Saturday 14th March 2020
Forced myself to get up at 8am on a Saturday morning to take Non-Sick Sprog to football training, only to be trapped at the gateway to the F.C. grounds, by a car attempting to reverse back into the road (back into my precious DD (Daredevil Dacia)). This should have been the warning sign, but no, undaunted, I dodged the retreating traffic and pelted on up the driveway and parked up. At which point, Sprog pointed out that the playing field was devoid of life (okay, so I’m not counting the grass and the worms).
Football training cancelled.
At least I made my exit the correct way, thinking it wise to turn around and use my forward gears rather than the reverse. Some people! Other mothers – what a strange breed! Only this mother can boast of perfection.
The world is changing. Reckon I was ahead of the game, with regard to my recent voluntary redundancy. With Coronavirus on the rampage, soon, I’ll be one of many millions of mothers confined to the home. How herstory repeats itself – the adjective of ‘voluntary’ is about to be wiped out!
I return, complete with Non-Sick Sprog (of course) to our home-isolation unit and enter the domain of the Sick.
Middle Sprog (the Sick One) is still coughing away, but is being the model patient – his only requirement being a regular delivery of Cheerios!
‘Mum!’ comes the call.
‘I’m fed up of Cheerios! Is that box of Cocoa Pops I saw hidden in your study being kept for our isolation? Or can I have Cocoa Pops today?’
We are in isolation. Sick Sprog is awaiting the results of a Coronavirus test and, for the rest of us, all social events have been cancelled. I open the box of Cocoa Pops.
Sick Sprog is happy.
Couldn’t believe it. I’d just completed yesterday’s diary entry and settled down on my disinfected settee for my afternoon nap (lots of sleep will stave off the virus, won’t it?), when I got the call. Usually, I ignore the phone ringing, but in present circumstances what alternative did I have but to answer it?
‘Are you the parent or guardian of Sick Sprog?’
‘Yes, I think so!’
‘Can you bring him to Freshmarket Hospital now for his Coronavirus test?’
‘Err, well. That’s quite a long way from here! (And I’ll likely catch his virus, if I’m cooped up in my Dacia with him!) Might take me a while. Let me Google it. It’s going to take 50 minutes.’
The reality was quite different. It took me an hour and a half, the last half hour being spent driving round in large circles, looking for the Hospital Entrance. And the other extra ten minutes, spent driving round in smaller circles, within the said Hospital grounds looking for a drive-through pagoda.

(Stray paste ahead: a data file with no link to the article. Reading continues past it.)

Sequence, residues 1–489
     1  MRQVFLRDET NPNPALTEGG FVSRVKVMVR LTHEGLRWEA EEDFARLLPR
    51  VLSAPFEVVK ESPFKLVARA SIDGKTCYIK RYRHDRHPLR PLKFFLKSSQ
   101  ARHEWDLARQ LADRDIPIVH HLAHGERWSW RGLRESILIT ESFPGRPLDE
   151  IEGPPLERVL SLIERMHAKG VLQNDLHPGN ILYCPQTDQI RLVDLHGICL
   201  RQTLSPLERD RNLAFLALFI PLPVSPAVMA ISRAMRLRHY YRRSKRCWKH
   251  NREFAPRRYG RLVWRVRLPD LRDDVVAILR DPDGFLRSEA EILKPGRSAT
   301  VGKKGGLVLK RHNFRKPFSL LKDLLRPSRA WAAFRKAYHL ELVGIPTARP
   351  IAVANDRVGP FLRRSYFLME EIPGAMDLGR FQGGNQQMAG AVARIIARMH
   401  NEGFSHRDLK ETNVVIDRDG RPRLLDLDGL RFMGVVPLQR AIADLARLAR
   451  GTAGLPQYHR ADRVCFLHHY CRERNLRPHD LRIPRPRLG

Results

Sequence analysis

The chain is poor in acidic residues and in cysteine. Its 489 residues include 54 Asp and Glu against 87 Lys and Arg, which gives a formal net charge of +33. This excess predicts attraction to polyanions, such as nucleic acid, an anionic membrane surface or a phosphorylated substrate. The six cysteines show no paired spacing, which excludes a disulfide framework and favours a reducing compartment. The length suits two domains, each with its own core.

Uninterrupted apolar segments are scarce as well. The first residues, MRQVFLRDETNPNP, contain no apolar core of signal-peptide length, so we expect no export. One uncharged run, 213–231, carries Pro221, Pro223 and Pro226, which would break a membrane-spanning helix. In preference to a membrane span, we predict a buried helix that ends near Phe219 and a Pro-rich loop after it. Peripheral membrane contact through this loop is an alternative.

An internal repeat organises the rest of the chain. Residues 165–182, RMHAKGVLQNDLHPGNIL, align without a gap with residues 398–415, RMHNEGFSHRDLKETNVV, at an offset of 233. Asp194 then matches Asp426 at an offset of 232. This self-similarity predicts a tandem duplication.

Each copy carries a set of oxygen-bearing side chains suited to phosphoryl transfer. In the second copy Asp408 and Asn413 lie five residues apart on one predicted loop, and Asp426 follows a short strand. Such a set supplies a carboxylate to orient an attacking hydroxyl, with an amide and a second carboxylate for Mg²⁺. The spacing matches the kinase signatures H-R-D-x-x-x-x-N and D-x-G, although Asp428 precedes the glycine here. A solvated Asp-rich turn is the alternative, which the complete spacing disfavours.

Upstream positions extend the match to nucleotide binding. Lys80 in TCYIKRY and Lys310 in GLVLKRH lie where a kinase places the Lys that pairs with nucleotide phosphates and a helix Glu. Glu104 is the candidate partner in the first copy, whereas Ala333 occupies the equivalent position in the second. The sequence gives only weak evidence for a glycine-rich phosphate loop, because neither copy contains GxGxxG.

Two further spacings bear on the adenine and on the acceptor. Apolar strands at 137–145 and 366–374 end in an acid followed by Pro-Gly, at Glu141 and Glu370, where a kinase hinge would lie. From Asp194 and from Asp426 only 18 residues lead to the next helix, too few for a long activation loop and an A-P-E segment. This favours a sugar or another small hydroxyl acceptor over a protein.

On finding the pagoda, I found it unmanned. Well, I guess I did arrive rather later than predicted. As I parked up and tried to work out a plan of action, I got the fright of my life. Looking over towards a distant doorway, I saw some alien-monster thing from an episode of Star Trek. It registered the invasive presence of DD, donned a visor, and emerged from its spaceship, with cotton bud in hand.
How come the nurse got to wear fancy dress? I was the one who’d been trapped in a car with an infectious sprog coughing everywhere! Really?
Sick Sprog is happy. (Can’t hear him coughing from down here!)
And I’m happy.
Hubby has just delivered my brunch: eggs and beans on toast. Hope he isn’t infected. (Noticed an empty bumper-sized box of Lemsips in the recycling bin earlier! Is Hubby hiding something?) I decide to leave the Coronavirus-symptom interrogation until after I’ve eaten said brunch.
‘Hubby, why have you consumed 10 sachets of Lemsips in the last week? Are you ill?’
‘I’m always ill! Wake up every morning with a headache,’ he says.
This is probably a plea for man-flu sympathy, but then I recall how many times he went out with his workmates for a pint (or two) last week, and all semblance of sympathy vanishes.
May as well make use of my time in forced isolation. Take up a new hobby, advises the BBC. I continue with the old …
I get to work. Must be another line of my family tree that I can take back to my Lots-of-Great-Grandfather-via-many-lines-of-my-tree William the Conqueror, surely? And did one of my own, old Will, really murder that many Brits?
‘As the British death toll rises, airlines cancel flights to mainland Europe!’ announces an inappropriately-excitable voice (probably an undercover French spy) from the BBC News.
Is old Will back?
He’s here. Somehow, Great-Something-Grandfather, obtained the last one-way airline ticket from Normandy to Heathrow, and is here – ready to take back his own, ready to reclaim his land and properties from this undeserving fruit of his loins. And, this time, there’s nowhere to flee to. All exits blocked …..
Written in haste, by The Silly-Savvy Salopian